Coatings can reduce energy consumption

Coatings can reduce the energy consumption per kilo of product and in winter they can also reduce the absolute energy consumption.

A crop that can grow without excessive stress will provide the highest yield and therefore the lowest energy consumption and the lowest CO2 emissions per kilo of product. The insights into optimum growth have changed significantly in recent years, mainly as a result of Next Generation Growing. Initially it served primarily as a way of reducing energy consumption, but it has expanded into a method for optimum use of the light. Coatings are a standard tool for achieving this.
Two important factors here are: the moisture content in the greenhouse and the plant temperature. In the past, 10 to 25% of the annual gas consumption was used for drying out the greenhouse. The aim of this was to activate the crop and to prevent condensation on the crop. Next Generation Growing get away from this, through increased use of energy shading and reduced use of the minimum heaing pipe. Growers have started using more exact methods and need precision instruments as a result. The increasingly refined ReduSystem coatings meet an important need in this regard.

Moisture under control

The source of a high humidity in the greenhouse is evaporation from the crop. High levels of radiation cause the plant temperature to increase; resulting in more evaporation. At some point, the vents will need to open in order to get rid of the excessive moisture which also increases energy consumption. Coatings help to delay that point and therefore result in energy conservation. ReduSol, ReduHeat, ReduFuse or ReduFuse IR can be used, depending on the crop.
At high levels of radiation, an unprotected crop can even become so hot that the evaporation process cannot keep up. In order to prevent dehydration, the plants close their stomata. This however results in the plant temperature increasing even further. This heat stress is detrimental to production; this means that the energy consumption results in fewer kilograms of product and an increase in the CO2 emissions per kilo of product. Once again, coatings - in addition to shade curtains- are an important tool in preventing these types of situations.

Diffuse light = uniform growth

Apart from solving real stress situations, uniform growth also makes a significant contribution to reduced energy consumption. A diffuse coating allows you to distribute the light more effectively. There are no bright light spots that the crop needs to respond to (often in the form of a temporary shutdown of photosynthesis).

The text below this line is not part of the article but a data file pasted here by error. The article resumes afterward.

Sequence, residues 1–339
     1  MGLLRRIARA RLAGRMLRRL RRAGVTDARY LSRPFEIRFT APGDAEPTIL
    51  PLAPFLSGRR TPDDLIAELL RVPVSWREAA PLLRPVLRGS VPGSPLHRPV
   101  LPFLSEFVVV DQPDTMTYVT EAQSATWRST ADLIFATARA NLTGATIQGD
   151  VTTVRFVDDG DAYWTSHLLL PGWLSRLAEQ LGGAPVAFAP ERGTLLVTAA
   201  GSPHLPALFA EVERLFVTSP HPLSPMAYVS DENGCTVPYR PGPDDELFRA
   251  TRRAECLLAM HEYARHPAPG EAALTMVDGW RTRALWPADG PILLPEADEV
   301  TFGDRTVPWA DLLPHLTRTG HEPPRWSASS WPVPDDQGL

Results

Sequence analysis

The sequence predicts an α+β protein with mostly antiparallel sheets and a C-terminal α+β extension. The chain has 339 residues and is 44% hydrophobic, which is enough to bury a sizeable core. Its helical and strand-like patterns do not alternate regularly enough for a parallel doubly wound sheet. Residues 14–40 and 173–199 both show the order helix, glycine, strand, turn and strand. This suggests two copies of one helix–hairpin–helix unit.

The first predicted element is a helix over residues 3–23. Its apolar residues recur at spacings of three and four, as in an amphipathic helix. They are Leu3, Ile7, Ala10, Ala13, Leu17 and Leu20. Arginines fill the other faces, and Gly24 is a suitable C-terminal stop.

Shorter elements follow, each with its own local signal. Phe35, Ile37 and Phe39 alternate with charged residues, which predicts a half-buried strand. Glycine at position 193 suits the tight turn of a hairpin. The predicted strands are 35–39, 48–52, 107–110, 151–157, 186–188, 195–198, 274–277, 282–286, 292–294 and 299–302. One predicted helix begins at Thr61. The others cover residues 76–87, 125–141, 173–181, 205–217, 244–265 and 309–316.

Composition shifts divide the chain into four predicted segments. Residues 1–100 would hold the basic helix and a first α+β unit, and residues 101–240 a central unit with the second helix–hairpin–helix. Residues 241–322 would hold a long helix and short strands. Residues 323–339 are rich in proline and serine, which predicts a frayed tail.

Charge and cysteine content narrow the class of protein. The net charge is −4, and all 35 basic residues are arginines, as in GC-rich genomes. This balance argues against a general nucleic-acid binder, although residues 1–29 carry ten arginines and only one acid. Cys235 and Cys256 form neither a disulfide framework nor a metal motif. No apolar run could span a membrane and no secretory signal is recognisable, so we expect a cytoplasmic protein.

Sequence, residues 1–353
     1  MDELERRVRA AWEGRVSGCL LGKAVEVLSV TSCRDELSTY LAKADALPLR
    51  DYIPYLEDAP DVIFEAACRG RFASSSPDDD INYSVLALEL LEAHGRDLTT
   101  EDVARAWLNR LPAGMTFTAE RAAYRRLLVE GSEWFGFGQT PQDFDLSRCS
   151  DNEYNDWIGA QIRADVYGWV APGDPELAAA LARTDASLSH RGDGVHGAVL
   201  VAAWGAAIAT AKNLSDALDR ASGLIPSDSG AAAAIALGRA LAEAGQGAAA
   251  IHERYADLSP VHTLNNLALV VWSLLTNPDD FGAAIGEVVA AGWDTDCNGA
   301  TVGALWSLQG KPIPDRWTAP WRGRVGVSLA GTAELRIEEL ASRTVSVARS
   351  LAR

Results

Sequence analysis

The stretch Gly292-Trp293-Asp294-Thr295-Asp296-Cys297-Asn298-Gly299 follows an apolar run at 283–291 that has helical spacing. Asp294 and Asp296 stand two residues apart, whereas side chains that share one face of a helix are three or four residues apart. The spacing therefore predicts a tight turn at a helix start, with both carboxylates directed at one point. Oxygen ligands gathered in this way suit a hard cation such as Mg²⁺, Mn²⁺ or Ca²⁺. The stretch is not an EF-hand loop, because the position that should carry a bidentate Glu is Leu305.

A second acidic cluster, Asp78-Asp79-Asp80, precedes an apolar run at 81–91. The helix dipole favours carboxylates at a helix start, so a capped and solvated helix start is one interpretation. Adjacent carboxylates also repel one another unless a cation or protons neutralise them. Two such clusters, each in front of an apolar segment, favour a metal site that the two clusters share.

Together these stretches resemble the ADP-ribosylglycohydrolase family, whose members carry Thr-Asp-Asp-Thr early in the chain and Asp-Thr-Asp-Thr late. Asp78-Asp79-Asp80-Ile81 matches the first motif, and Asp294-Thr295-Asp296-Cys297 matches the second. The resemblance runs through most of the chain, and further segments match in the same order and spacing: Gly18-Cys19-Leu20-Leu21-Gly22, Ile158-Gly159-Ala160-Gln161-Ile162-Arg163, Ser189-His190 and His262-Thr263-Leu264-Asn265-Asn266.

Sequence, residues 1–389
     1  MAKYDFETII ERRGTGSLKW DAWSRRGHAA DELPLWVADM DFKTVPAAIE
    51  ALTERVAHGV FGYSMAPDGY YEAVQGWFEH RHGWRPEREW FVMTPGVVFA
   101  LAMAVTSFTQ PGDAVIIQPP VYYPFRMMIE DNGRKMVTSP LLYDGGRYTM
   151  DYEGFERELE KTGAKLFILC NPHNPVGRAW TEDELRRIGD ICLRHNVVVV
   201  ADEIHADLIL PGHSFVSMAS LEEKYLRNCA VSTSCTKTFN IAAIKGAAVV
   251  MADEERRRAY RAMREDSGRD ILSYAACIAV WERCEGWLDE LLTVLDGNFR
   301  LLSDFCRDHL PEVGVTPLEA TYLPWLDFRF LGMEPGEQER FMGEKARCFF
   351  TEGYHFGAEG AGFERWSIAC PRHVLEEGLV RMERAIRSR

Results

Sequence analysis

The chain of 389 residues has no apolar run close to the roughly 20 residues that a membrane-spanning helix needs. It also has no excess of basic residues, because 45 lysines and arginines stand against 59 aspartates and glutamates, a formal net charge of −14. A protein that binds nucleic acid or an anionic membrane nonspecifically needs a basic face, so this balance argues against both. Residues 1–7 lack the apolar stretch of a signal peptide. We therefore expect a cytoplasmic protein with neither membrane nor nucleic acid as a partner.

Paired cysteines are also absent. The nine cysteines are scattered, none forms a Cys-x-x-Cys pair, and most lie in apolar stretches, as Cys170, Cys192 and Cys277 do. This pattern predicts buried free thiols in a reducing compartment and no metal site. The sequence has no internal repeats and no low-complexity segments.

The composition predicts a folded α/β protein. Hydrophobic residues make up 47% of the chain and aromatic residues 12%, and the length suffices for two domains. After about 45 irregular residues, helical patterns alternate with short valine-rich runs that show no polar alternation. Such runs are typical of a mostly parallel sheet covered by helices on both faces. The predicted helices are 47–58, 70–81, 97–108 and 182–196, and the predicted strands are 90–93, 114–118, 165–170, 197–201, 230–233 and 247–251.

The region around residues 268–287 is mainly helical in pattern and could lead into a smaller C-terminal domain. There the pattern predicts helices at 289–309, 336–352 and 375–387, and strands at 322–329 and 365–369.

In addition, the light penetrates more deeply into the crop, allowing more leaves to contribute actively to the production. Improved horizontal and vertical light distribution both contribute significantly to increased production.

Winter light

In temperate regions, the winter period demands the largest share of the annual energy consumption. It is important to seek maximum gain from the solar energy that is present: as much solar radiation as possible needs to enter the greenhouse. After all, the more solar energy that can be utilised, the less fossil fuel needs to be used. Mardenkro offers a range of measures for this purpose.
First of all, clean glass is very important. The greenhouse roof becomes dirty as a result of algae, dust, soot and deposits of crop protection agents. This can reduce the light by a few percent. This can increase even further if the glass is covered by sand (for example Saharan sand). The greenhouse roof can be cleaned perfectly using GS-4 Xtra.
During the cold period, the condensation on the glasshouse roof has a major effect on the lightlevel in the greenhouse. The way in which condensation takes place is important: large drops can reduce light by 5%. By contrast, research by Wageningen University & Research has demonstrated that a homogeneous water film results in barely any loss of light. The AntiCondens coating creates a homogeneously distributed film of water. Finally, AntiReflect contributes to higher lightlevels, particularly in low-sun conditions.
These three measures combined – cleaning, AntiCondens and AntiReflect – result in 10% more light in the greenhouse during the winter period. This extra solar radiation heats the greenhouse and thereby reduces the use of fossil fuels.

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